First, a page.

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Role of a Triage Nurse
Emergency rooms in hospitals provide rapid care to patients who suffer injuries or develop sudden, serious symptoms of illness or disease. Triage nurses form an important part of the emergency room team.
Triage nurses evaluate patients' vital signs and ask questions about their medical history, symptoms and reasons for visiting the emergency room. Based on the information they gather, triage nurses then make determinations about the urgency of a patient's need.
Based upon the triage nurse's decision regarding the urgency of a patient's condition, the emergency room staff develops the order that waiting patients will be seen. Because of this, the role of the triage nurse directly effects how quickly patients receive care.
Education and Licensing
Triage nurses generally must be registered nurses. RNs must complete a two-year associate degree, three-year hospital training program diploma or four-year bachelor's degree in nursing. After graduation, they take a written test called the National Council Licensure Examination to receive state licensing as a registered nurse.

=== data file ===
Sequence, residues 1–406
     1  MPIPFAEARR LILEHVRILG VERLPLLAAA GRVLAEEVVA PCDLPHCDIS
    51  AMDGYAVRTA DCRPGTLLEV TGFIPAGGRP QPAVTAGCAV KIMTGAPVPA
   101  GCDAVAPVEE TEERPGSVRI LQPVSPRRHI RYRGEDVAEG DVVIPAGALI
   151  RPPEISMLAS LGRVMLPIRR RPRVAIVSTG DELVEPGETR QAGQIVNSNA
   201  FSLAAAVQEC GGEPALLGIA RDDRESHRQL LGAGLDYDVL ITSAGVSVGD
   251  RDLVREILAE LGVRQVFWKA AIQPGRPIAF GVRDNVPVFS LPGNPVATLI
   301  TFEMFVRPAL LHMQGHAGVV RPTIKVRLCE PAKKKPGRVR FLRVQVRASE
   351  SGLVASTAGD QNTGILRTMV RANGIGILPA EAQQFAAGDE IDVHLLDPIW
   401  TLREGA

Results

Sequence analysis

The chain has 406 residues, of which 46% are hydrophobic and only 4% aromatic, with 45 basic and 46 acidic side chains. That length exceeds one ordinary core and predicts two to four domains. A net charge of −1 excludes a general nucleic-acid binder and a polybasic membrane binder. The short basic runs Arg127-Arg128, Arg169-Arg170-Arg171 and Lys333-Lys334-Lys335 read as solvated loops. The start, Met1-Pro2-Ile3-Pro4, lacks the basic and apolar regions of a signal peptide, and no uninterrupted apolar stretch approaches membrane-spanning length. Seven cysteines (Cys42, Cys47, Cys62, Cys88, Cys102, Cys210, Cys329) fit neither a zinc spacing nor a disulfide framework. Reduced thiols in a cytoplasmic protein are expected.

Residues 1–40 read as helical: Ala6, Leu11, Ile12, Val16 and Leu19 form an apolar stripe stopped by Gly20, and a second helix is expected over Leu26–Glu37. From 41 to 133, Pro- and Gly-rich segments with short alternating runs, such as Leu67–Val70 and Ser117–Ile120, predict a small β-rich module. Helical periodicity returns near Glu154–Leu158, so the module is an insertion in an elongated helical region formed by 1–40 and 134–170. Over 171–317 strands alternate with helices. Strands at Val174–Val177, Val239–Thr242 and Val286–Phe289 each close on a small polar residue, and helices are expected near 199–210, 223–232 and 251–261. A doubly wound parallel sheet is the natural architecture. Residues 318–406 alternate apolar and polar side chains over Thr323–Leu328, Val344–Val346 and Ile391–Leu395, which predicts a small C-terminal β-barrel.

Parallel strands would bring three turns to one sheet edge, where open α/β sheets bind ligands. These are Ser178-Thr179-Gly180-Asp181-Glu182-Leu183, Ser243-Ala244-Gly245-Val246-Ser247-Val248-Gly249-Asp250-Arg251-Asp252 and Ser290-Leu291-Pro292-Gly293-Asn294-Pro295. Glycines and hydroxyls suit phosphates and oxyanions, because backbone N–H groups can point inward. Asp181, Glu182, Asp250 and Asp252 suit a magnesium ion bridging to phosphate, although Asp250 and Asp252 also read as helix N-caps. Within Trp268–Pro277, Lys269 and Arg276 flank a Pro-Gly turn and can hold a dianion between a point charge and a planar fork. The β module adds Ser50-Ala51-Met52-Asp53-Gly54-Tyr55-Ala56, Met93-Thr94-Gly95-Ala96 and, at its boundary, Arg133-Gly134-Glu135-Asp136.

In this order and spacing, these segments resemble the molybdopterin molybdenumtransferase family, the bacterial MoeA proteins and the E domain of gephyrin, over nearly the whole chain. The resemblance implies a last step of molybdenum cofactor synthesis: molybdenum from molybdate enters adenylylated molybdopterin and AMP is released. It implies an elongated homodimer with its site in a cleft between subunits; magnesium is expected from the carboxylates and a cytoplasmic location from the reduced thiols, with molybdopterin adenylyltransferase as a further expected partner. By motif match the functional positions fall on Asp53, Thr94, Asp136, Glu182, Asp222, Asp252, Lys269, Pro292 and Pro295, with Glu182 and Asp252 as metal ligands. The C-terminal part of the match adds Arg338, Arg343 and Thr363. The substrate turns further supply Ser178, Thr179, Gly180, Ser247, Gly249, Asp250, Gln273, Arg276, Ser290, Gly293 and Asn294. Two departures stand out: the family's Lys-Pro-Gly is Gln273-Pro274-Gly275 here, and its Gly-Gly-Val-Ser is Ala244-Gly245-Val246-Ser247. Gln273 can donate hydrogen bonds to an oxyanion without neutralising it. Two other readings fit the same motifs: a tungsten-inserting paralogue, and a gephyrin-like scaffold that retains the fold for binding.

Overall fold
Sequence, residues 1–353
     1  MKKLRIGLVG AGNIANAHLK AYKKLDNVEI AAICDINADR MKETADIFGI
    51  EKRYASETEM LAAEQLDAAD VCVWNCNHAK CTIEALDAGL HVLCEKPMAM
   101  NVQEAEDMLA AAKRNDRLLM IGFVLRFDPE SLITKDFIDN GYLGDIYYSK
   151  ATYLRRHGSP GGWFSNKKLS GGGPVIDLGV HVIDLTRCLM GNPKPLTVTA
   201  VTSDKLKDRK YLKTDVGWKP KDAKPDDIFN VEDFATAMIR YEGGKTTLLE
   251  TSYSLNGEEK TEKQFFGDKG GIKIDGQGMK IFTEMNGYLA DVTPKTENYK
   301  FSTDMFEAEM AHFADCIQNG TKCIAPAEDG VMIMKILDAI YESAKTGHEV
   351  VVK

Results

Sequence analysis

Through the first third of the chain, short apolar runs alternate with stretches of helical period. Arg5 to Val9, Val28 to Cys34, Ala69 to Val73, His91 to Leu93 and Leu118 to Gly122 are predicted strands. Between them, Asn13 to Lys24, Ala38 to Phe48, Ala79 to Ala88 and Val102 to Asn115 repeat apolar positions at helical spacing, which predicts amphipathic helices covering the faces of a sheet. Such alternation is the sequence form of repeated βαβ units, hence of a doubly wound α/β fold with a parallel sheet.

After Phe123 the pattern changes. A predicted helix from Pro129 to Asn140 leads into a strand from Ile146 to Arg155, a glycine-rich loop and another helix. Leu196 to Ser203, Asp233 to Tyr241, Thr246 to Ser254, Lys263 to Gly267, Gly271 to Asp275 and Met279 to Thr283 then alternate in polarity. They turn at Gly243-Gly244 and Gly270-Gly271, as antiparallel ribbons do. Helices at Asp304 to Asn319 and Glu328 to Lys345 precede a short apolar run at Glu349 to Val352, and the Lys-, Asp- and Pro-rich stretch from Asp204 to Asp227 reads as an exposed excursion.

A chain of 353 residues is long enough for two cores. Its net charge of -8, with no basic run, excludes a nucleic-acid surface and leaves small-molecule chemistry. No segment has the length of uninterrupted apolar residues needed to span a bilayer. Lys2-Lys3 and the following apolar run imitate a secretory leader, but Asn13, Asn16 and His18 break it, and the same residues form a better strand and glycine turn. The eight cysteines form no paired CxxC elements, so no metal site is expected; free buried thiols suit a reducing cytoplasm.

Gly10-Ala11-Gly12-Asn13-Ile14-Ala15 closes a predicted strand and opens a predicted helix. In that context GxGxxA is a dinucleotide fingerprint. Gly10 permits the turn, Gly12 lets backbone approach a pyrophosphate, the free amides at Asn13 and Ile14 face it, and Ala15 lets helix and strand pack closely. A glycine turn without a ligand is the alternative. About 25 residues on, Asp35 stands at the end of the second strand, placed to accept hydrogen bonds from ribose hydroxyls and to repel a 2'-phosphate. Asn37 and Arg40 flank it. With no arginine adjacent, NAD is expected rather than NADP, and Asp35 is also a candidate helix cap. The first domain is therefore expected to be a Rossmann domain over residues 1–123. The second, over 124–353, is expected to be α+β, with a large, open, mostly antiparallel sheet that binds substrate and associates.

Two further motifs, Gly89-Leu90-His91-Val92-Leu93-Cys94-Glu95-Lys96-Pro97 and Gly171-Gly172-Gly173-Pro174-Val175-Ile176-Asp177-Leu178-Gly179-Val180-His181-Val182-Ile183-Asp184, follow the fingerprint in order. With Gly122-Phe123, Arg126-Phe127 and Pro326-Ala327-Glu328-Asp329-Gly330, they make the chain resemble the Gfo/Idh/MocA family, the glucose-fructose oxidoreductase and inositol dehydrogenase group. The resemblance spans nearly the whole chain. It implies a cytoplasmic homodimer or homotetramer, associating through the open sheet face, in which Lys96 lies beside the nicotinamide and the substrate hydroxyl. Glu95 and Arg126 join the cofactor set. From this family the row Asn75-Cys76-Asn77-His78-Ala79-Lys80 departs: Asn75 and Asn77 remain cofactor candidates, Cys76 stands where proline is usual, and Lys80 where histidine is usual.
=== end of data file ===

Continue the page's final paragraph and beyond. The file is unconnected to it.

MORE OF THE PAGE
To fulfill their role, triage nurses must have the ability to make quick decisions, a high level of listening and communication skills and extensive knowledge of warning signs and symptoms. In most cases, nurses work in the field of emergency medicine for several years before becoming triage nurses in order to gain experience with many different conditions.
As of February 2010, triage nurses averaged annual salaries of $68,000, according to Indeed.com.
Faith Davies has been writing professionally since 1996, contributing to various websites. She holds an LAH insurance license in the state of Pennsylvania and has experience as a bank branch manager and lending officer. Davies graduated cum laude from the University of Pittsburgh with a Bachelor of Arts in art history.
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